Former Acting Navy Secretary Thomas Modly, who resigned last spring after a recording leaked of him trash talking the fired commanding officer of the COVID-stricken aircraft carrier Theodore Roosevelt in an address to the crew, defended his decisions this week while acknowledging the personal mistakes he made along the way.

Writing in the U.S. Naval Institute’s “Proceedings” magazine, Modly said his decision to fire Capt. Brett Crozier over the skipper’s handling of the onboard coronavirus outbreak was his judgement call as the Navy’s “senior boss.”

“I know he believed he was making the best decisions he could at the time,” Modly wrote. “In my view, he made a big mistake.”

He also decried the outside voices who questioned his decisions.

“It was my call,” Modly wrote. “Not the media’s, not Congress’s. Not the retired generals or admirals who seem very comfortable enhancing their personal brands by second guessing people in public office—a role they resented when they were on active duty and grappling with life-and-death decisions.”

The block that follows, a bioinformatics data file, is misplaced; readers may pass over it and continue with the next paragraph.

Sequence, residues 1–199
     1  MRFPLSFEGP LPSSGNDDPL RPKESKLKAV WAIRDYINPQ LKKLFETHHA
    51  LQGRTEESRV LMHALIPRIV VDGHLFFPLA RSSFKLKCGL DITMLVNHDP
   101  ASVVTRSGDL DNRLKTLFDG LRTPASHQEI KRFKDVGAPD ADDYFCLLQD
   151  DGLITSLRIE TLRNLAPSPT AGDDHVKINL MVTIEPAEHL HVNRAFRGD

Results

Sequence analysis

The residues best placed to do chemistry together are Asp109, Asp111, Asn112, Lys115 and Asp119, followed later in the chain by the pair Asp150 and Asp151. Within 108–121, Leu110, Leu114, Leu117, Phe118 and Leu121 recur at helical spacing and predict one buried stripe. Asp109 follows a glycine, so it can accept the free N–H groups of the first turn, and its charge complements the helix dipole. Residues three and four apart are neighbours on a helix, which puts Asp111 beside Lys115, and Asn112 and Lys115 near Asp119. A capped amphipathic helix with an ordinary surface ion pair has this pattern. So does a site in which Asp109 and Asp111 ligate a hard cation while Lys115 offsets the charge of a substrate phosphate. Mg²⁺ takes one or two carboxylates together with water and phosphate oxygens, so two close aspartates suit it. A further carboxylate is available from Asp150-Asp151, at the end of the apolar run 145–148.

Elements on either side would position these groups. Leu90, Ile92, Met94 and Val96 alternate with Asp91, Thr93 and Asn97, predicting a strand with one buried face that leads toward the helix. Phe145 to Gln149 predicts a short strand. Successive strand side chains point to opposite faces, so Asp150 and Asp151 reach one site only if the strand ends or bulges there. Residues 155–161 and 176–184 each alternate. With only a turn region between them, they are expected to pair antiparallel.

While Modly wrote that he still believes he made the right calls in firing Crozier, going to Guam and addressing the crew with “a tough message” days after Crozier was relieved, Modly also wrote that he was right to resign when a recording of the fiery crew address was leaked.

A letter Crozier sent to higher ups pleading for more and faster help for his beleaguered crew was leaked to the media, and Modly told TR’s crew during a profanity-laced April 13 onboard address that Crozier was “too naïve or too stupid to be a commanding officer” if he thought the letter wouldn’t leak.

“The alternative is that he did this on purpose,” Modly added at the time.

“As I learned, the consequences of trying to make the best decision, given the information available at the time of the decision, are not predictable, he wrote this month. “They weren’t predictable for either the commanding officer of the Theodore Roosevelt or me last spring.”

Go here to read Modly’s full piece.

Geoff is the editor of Navy Times, but he still loves writing stories. He covered Iraq and Afghanistan extensively and was a reporter at the Chicago Tribune. He welcomes any and all kinds of tips at

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